You’ve probably heard about ‘phase’ in some musical context or other. Whether it’s using a phaser effect on your pad sounds to give them a bit of movement, or that strange and mythical beast called a ‘linear phase EQ’, phase can be complicated area that can really cause problems. So how can you avoid them?
First, we need to know what ‘phase’ is: it’s basically the relationship between two signals. It’s easiest to imagine sine waves, and you probably know the basics – when two identical waves are fully in phase, then they’ll create one loud wave. Turn them fully out of phase (there will be a plugin for this in your DAW) so that when one is at a peak, the other is at a trough – and the result will be phase cancellation. Silence.
It’s pretty rare that this kind of example turns up in the real world, however. Which is just as well, because it would be difficult if your bassline kept disappearing. But we can still have problems. Try loading a full track into your DAW, and putting it on two channels. Now if you delay one channel by a couple of miliseconds, you’ll hear it sound very odd indeed. A bit like a phaser plugin, but not moving. This is due to ‘comb filtering’- where lots of different frequencies are being cancelled in various amounts.
That sound is something you should be looking for in your mixdowns, as it can happen in lots of ways. The main way, and fortunately it’s not one that will concern the majority of dance music producers, is when you’re recording an instrument with more than one microphone (or if the microphone is close to the floor or the wall where it could pick up reflections). That’s complex to solve, and so we won’t go there today.
So where does it happen? First, look to the low end. Sub-bass is a problem area; if you have two notes playing at the same time, for instance, there can be cancellations which affect the volume of the sub. It may be clashing with your kick drum; try soloing one and then the other. If it feels like either one is losing impact when they both play, it could be a phase issue. Simple ways to get around this could be changing the pitch of one of them, or using EQ so that their frequencies don’t overlap so much. Or, and this is always the most effective way – re-program them so that they don’t play at the same time. The same can apply with any other low-end components – kicks, deep pads and basses, and so on.
The next big issue is when you’ve done some external processing with some of your sounds. If you record a drum track out through a guitar amp, or an old mixer or something for a bit of grit and distortion, then when you try to layer it back into your track next to the original you may find an issue with phasing like we described earlier. In that case, you should use a ‘sample delay’ plugin, which moves the audio earlier or later by one sample at a time – fractions of a milisecond. Solo the two channels, and just tweak this setting until the phase sounds right. Trial and error is your friend here! Putting a sharp transient at the start of the audio will help you line them up – an 808 hi-hat for instance, which you can remove later.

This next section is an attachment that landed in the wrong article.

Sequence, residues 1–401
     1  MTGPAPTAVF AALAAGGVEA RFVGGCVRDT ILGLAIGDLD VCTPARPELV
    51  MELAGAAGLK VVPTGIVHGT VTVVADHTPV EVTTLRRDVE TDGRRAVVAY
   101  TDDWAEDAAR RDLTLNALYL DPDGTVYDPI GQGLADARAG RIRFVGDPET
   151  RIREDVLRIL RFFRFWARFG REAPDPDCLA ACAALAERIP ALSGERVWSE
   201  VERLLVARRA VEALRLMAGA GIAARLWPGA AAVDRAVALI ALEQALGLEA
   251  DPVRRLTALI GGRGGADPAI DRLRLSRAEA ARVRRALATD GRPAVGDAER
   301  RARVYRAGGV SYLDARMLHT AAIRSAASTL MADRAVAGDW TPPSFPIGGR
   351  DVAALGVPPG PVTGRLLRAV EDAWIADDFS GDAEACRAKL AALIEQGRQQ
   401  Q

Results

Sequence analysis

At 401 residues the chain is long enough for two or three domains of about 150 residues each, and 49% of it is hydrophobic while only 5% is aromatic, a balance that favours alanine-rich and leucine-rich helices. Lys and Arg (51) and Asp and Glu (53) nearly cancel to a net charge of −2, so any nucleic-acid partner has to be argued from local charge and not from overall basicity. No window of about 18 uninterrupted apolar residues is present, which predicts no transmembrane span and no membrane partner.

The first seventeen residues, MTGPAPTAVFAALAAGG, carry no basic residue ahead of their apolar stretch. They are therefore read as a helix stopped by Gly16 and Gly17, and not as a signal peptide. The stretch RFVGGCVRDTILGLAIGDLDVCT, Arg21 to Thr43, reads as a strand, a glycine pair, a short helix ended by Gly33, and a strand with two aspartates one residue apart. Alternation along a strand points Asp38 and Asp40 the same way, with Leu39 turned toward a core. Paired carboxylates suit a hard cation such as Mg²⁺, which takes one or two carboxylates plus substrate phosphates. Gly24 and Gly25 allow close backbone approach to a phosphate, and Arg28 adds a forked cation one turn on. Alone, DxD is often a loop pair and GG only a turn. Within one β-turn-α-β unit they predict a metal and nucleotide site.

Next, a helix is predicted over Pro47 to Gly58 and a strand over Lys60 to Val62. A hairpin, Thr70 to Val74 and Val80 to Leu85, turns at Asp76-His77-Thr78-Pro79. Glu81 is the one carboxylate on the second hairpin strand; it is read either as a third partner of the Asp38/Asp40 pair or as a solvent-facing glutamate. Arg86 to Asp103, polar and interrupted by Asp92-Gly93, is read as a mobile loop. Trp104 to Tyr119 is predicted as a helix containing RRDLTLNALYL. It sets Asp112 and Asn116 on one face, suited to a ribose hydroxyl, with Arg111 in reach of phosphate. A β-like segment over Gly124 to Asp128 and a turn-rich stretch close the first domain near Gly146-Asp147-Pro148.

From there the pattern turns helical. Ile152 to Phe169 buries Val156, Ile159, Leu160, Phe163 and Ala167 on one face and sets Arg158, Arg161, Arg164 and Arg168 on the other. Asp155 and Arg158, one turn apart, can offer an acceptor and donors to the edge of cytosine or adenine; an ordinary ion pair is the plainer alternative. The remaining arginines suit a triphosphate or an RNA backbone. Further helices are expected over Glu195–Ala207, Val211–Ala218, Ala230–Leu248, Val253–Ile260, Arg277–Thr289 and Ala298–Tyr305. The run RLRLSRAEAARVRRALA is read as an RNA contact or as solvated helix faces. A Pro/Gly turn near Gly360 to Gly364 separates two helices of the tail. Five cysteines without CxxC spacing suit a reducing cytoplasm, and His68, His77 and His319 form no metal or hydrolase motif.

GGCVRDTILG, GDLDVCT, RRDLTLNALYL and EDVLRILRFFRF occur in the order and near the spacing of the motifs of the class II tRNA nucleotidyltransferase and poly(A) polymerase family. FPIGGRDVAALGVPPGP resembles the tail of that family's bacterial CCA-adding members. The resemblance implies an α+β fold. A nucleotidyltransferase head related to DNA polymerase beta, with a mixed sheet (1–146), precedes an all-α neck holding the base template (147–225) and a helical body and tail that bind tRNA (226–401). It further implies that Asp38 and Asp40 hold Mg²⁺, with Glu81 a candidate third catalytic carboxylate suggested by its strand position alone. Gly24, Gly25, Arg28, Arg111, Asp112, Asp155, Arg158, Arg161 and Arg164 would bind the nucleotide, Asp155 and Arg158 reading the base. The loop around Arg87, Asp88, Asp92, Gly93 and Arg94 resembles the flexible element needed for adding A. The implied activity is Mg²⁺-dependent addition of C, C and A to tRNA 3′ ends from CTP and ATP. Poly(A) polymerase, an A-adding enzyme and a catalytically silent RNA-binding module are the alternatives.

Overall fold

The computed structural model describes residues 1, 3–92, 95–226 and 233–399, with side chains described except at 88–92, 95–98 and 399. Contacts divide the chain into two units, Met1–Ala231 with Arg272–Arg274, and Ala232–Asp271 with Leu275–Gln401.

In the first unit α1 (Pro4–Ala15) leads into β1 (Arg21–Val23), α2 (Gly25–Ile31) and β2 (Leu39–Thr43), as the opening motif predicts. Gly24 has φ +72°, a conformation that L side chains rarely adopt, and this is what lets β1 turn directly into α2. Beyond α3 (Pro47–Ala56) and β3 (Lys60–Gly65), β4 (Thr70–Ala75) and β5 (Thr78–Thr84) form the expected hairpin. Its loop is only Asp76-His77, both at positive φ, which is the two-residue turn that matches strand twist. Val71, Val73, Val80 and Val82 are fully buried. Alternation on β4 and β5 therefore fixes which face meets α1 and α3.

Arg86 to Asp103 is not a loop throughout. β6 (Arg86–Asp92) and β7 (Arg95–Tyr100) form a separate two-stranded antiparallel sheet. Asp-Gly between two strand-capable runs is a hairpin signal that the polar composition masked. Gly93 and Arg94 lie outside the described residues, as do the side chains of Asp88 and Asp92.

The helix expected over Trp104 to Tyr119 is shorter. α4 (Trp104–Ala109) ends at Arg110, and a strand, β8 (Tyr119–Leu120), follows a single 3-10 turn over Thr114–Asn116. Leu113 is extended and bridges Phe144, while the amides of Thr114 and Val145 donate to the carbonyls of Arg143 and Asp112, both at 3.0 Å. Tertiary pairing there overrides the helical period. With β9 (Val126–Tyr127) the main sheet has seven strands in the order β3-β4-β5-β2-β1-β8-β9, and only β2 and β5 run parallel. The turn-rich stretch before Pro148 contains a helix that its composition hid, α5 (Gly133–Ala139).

But what about that Linear Phase EQ? What’s that all about? Well, that’s for using when you want to send a signal to a buss channel, you need to EQ it, and you’ll be mixing the buss signal back in with the original. For instance, if you’re doing parallel compression or somesuch and want to tweak the EQ on the return.
Most other plugins should be ok: although in theory running a signal through a compressor would introduce a time delay, if you do everything in the box, your DAW will compensate for that and match the phases up (but check, just to make sure, since some third party plugins can be faulty!). The thing with EQ is that it actually works by altering the phase of a signal. So if you just had a compressor on your buss, it would be fine; if you just had an EQ, you may get phase problems. Linear Phase EQ, however, works in a different way, so that it doesn’t alter the phase. If you need to EQ a signal that’s going to be mixed in with an original, this is the one to use. But don’t think that this means you should use it all the time. First, it’s much more CPU heavy so it could sap your computer’s capabilities. But more than that, it can affect the transients of your signal. Not too much, but using one on every channel will add up. Use a normal EQ where you can!
This is a basic grounding in how phase might affect you – and as mentioned, if you start recording drum kits you’d be advised to read up a lot more – but for dance music artists, this should be enough to get you moving without too many troubles. So get that DAW going, fire up some tunes and don’t let phase bother you any more!